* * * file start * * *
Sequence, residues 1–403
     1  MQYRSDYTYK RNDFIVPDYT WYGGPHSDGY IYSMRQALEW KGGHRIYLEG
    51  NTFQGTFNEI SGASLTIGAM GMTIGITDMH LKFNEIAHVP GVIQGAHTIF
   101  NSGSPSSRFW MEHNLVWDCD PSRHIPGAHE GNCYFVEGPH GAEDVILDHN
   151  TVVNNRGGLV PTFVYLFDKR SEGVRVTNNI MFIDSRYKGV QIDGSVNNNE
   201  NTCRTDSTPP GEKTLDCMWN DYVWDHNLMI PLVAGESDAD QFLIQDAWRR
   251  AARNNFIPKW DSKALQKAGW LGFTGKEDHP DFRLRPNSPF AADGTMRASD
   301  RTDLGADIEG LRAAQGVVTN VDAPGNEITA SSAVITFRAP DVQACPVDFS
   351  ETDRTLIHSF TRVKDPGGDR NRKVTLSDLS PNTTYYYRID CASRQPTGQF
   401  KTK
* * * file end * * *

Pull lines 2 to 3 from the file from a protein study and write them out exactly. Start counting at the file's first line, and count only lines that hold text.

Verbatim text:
     1  MQYRSDYTYK RNDFIVPDYT WYGGPHSDGY IYSMRQALEW KGGHRIYLEG
    51  NTFQGTFNEI SGASLTIGAM GMTIGITDMH LKFNEIAHVP GVIQGAHTIF